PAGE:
In January 2012, at the request of Zambia police, Interpol issued a red notice, the closest equivalent to an international arrest warrant, against the 46-year-old businessman, who for some years has lived in South Africa where he has residency through marriage.
According to documentation seen by the Mail & Guardian, Henry Banda, who was a leading figure in the election campaign for the Movement for Multiparty Democracy (MMD) in 2011, was wanted by Zambia’s police and the country’s anti-corruption commission for alleged money laundering and being in possession of “unlawfully obtained” property.
However, despite approaches by his legal team to the Zambian authorities over the course of 16 months, no details of the charges were ever released and no legal case for extradition was presented to South Africa. Last month, Interpol confirmed that an investigation into the case notes had “raised strong doubts concerning compliance with Interpol rules” and said that Banda’s file had been deleted from its records.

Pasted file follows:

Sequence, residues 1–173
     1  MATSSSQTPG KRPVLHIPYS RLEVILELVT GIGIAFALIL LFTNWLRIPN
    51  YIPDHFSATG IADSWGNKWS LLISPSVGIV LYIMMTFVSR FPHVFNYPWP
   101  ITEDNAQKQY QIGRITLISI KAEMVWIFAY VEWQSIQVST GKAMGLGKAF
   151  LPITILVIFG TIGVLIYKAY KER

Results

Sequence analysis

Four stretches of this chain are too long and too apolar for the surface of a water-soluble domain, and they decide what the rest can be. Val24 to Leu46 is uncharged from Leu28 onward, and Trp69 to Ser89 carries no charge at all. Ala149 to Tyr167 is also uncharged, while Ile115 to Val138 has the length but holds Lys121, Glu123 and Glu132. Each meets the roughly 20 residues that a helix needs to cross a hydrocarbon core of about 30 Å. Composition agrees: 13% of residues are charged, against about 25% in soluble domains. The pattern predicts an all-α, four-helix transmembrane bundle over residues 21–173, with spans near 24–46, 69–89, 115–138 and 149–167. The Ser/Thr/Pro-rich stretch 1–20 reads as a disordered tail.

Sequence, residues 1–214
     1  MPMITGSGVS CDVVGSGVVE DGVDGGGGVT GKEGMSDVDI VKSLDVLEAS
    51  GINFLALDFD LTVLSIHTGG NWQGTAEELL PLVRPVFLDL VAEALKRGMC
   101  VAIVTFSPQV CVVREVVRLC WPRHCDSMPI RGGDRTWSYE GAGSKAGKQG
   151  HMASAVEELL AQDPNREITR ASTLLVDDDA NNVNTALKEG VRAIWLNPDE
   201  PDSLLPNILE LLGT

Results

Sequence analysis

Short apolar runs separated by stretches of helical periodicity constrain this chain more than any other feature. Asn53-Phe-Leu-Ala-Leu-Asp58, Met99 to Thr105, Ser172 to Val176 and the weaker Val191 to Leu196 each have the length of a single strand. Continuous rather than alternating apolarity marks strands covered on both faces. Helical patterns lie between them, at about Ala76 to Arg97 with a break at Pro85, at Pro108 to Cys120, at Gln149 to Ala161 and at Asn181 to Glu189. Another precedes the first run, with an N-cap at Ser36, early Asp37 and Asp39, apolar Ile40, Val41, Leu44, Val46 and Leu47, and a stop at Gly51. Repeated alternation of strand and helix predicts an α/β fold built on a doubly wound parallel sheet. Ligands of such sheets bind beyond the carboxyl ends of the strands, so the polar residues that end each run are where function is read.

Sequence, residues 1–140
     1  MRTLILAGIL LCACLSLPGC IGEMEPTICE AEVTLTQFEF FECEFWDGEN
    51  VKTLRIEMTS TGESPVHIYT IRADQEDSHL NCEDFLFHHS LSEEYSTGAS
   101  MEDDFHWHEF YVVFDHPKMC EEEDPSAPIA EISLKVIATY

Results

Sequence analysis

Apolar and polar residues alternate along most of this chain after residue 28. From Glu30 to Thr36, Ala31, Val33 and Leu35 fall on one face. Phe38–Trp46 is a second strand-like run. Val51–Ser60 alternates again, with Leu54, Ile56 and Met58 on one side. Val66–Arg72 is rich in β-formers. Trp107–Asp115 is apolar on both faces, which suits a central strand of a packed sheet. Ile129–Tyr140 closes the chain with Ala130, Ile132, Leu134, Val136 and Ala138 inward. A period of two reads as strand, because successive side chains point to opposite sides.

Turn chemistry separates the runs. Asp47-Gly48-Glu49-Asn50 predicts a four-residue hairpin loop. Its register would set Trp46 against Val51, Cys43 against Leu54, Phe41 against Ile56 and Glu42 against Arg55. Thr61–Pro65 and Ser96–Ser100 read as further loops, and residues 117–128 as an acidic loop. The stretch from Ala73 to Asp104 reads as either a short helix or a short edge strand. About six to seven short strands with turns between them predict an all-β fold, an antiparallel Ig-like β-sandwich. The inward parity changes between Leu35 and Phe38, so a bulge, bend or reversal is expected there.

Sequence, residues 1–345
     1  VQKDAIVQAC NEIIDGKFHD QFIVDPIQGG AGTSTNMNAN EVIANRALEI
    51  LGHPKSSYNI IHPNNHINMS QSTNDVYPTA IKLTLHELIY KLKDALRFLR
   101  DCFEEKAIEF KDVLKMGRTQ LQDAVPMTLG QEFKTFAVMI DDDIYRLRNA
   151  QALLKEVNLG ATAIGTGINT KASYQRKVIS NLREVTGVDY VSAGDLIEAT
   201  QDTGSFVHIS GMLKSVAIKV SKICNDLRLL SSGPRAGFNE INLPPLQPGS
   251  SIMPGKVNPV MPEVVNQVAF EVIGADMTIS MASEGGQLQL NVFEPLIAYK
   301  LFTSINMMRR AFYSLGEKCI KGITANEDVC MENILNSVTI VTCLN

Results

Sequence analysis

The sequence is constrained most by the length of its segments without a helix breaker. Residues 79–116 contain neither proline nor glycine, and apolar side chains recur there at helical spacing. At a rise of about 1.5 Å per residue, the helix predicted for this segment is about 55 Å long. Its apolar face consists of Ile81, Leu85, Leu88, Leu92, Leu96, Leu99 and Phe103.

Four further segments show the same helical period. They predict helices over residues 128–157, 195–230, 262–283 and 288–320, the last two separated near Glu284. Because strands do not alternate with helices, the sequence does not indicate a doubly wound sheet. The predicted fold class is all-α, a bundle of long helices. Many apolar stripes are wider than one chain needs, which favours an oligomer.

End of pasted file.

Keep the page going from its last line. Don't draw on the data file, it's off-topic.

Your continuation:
Banda’s lawyer, Nicqui Galaktiou, the chief operating officer at Johannesburg’s Brian Kahn Attorneys, which until earlier this year represented former ANC Youth League president Julius Malema, said Interpol’s decision supported their position that the attempted prosecution was political.
“There never were any formal charges. From inception, it has been obvious that this has been politically motivated,” she said. “The aim has always been to get at Rupiah Banda because of the threat he poses to the Patriotic Front government.”
Mail & Guardian